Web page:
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IACM-Bulletin of February 1, 2004


UK β€” Relaxed cannabis law took effect

The new British cannabis law took effect on 29 January. The drug has been downgraded to the same status as anabolic steroids and anti-depressants. This means that cannabis possession will no longer lead to arrest in most cases. According to a new poll of 2,500 Britons 52 percent said they support reclassification.

Under the new law, cannabis possession will be illegal but will "ordinarily not be an arrestable offence". Instead, police will usually give a warning and the drug will be confiscated. Under certain circumstances cannabis use will still lead to arrest, among them smoking the drug in public and possession of the drug inside or near places where there are children.

Several medical groups warned that the government's decision to downgrade cannabis could endanger public health. Dr. Peter Maguire of the British Medical Association said: "The BMA is extremely concerned that the public might think that reclassification equals safe. It does not. Chronic cannabis smoking increases the risk of heart disease, lung cancer, bronchitis and emphysema."

But Sir Michael Rawlins, chairman of the Advisory Council on the Misuse of Drugs, said on 26 January that it was time to consider whether to go further. He said his members were investigating new ways of measuring the relative harmfulness of all illegal drugs.

(Sources: The Guardian of 27 January 2004, Western Gazette of 29 January 2004)

Switzerland/UK β€” Death was not caused by cannabis

On 20 January 2004 the newspaper Daily Telegraph reported that cannabis was blamed as cause of death of a 36 year old British man. However, a review of the toxicological data and autopsy report by a Swiss expert revealed that there is no reason to assume that the sudden death of Lee Maisey in August 2003 was due to cannabis.

Mr Maisey smoked six cannabis cigarettes a day for 11 years, which was reported in some newspapers to be "excessive". He had complained of a headache on 22 August last year and was found dead at his home next morning. Michael Howells, the local coroner, who led the investigation of the death cause, said Mr Maisey was free from disease and had not drunk alcohol for at least 48 hours. "High levels of cannabinoids" had been found in his blood. The report led to new warnings about the dangers of the drug. Dr. John Henry, a professor of toxicology at Imperial College, London, said: "I have not seen anything like this before. It corrects the argument that cannabis cannot kill anybody."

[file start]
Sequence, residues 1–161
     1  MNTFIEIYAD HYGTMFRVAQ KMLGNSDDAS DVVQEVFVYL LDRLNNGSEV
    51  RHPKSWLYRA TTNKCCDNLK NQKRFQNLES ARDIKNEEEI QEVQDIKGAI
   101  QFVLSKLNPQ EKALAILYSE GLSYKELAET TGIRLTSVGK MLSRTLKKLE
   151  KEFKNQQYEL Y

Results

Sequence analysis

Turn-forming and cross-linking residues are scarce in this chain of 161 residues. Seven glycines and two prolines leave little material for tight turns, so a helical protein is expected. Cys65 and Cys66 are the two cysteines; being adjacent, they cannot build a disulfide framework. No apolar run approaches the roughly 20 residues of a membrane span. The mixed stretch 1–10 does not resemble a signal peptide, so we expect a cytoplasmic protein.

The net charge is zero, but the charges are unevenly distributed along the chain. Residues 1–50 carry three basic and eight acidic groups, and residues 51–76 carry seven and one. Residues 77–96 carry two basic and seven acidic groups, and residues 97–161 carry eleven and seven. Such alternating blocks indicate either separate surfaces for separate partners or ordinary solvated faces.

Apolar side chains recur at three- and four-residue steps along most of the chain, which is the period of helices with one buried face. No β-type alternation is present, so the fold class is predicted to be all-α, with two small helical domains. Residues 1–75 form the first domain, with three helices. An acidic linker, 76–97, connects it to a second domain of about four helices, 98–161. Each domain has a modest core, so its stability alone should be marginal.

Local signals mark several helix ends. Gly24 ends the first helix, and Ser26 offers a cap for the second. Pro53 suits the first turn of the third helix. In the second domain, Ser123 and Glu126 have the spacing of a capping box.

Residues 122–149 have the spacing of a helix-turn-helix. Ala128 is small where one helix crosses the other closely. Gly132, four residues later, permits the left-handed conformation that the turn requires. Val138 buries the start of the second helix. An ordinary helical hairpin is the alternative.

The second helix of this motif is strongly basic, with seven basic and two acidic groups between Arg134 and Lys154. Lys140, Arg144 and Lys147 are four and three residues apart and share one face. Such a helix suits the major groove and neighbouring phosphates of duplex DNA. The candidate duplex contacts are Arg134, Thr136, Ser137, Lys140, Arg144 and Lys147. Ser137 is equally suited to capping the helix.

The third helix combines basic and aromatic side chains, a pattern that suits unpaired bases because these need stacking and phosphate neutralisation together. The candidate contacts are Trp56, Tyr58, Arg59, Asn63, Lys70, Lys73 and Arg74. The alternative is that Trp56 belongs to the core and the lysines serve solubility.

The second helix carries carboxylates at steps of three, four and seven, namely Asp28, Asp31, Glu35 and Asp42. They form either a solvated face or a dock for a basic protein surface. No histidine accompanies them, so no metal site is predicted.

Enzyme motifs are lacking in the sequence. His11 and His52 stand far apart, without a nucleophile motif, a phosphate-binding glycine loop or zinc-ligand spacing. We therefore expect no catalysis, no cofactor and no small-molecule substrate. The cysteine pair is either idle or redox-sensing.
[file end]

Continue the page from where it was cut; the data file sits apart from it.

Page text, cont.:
The Federal Health Ministry of Switzerland asked Dr. Rudolf Brenneisen, a professor at the department for clinical research at the University of Bern, to review the data of this case. Dr. Brenneisen said that the data of the toxicological analysis and collected by autopsy were "scanty and not conclusive" and that the conclusion death by cannabis intoxication was "not legitimate".

According to the toxicological analysis of a British laboratory (Forensic Alliance) Mr Maisey's blood contained 130 nanograms per milliliter (ng/ml) of the THC metabolite THC-COOH. THC could not be detected due to analytical problems. Dr. Franjo Grotenhermen of the nova-Institute in Cologne said: "A concentration of 130 ng/ml THC-COOH in blood is a moderate concentration, which may be observed some hours after the use of one or two joints. Heavy regular use of cannabis easily results in THC-COOH concentrations of above 500 ng/ml. Many people use much more cannabis than Mr Maisey did, without any negative consequences."

(Sources: Daily Telegraph of 20 January 2004, Neue Zuericher Zeitung of 28 January 2004, personal communications)

Science β€” THC reinforced the anti-emetic effects of ondansetron in animal study

The 5-HT3 antagonists, such as ondansetron, are regarded as the most effective drugs to treat cancer chemotherapy induced nausea and vomiting. The natural cannabinoids THC and CBD (cannabidiol) are also known to inhibit these symptoms. The relative and combined effectiveness of these drugs in suppressing vomiting produced by cisplatin was investigated in shrews. Cisplatin is a chemotherapeutic agent that causes severe emesis.